TransEnterix (NYSE:TRXC) is betting that the haptics technology in its Senhance robot-assisted surgery platform will help it make headway against Intuitive Surgical (NSDQ:ISRG) and its 10-year lead on the market.
CEO Todd Pope told MassDevice.com that the Senhance’s haptics – the system’s ability to convey a sense of touch and resistance to the surgeon – are an important selling point with physicians.
“The 1 thing that they tell us, as far as a feature that they miss the most on robotics, is the sense of feel or touch. When surgeons do open surgery, they rely on their hands and touch a great deal. Even with laparoscopic surgery, they have that tactile feedback. They have none of that with the current robotics systems today,” Pope told us. “Surgeons have told us when they’re dissecting tissue planes, when they’re working around important vessels or organs, often the sense of touch is just as important for them to discern what they want to do next in the surgery as anything else.”
The TransEnterix haptics tech works on the concept of force feedback, he explained. Senhance’s interaction with tissue is fed back as haptic force to the surgeon’s hands. In demos of the system, surgeons are able to knot a suture while blindfolded, Pope said.
“We had so many surgeons that are using the Senhance say that it was enhancing their senses, it was taking their sense of feel, their sense of touch, and, certainly, their sense of sight and really enhancing it,” he said.
Senhance, which TransEnterix acquired for $100 million last fall as the Telelap ALF-X device, is sold under the European Union’s CE Mark; the company is on track for an FDA decision next year, Pope said. It was a timely buy, as the company shelved its flagship SurgiBot earlier this year after the FDA denied its submission for 510(k) clearance. Pope told us that the company is still working with the FDA on a plan for refiling for the SurgiBot.
“We continue to work closely with them and we’ve done a lot of work over the years on SurgiBot and still feel like that has a future at the right time,” he said, noting that the SurgiBot decision was a learning experience for both TransEnterix and the federal safety watchdog.
“Rest assured that there was a lot of learning, I think, both from the FDA and from our part, going through the SurgiBot 510(k) process. The FDA’s trying to understand how they want to interface with companies with robotically assisted surgical device technology – RASD is how they’re classifying that,” he explained. “We were the 1st one in quite some time that put 1 through, other than [Intuitive].”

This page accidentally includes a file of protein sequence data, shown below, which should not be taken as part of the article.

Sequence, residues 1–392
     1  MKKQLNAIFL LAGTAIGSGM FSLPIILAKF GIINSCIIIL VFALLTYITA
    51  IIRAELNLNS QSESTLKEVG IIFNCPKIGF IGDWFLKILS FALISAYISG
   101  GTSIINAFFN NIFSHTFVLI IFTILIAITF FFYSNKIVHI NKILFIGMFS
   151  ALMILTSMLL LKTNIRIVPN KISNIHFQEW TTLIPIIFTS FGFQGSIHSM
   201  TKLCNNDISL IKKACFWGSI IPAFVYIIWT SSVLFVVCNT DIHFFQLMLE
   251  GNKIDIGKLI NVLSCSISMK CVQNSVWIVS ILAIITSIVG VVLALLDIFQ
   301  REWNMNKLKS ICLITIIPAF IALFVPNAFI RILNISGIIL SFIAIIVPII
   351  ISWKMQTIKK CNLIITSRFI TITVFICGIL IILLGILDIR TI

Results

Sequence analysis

Senhance is a different prospect thanks to the CE Mark and attendant clinical data. The device is indicated across a broad array of specialties including general surgery, gynecology, urology and thoracic surgery. Pope cited an “eye-sensing” feature and the unit’s lower price point as further differentiators for Senhance. Instead of halting procedures to obtain a different camera view or requiring another body in the OR to shift the camera, Senhance is designed to track the surgeon’s eye movements to shift views.
“Our system actually tracks the eye movement of the surgeon and when you’re ready to move the camera, you just depress a button on your handle, look onto the screen wherever you want the camera to move and the camera moves accordingly,” he said.
TransEnterix, which posted its 1st revenues during the 3rd quarter, has enough cash on hand to sustain it through the end of next year, Pope said. The company had $43.3 million in cash and equivalents as of Sept. 30, CFO Joe Slattery told analysts yesterday during a conference call. Third-quarter revenues were $1.5 million, reflecting the August sale of a Senhance device to Humanitas Hospital in Milan. Losses for the quarter were down -14.5% to -$12.3 million, or -11¢ per share, compared with Q3 2015, TransEnterix said.
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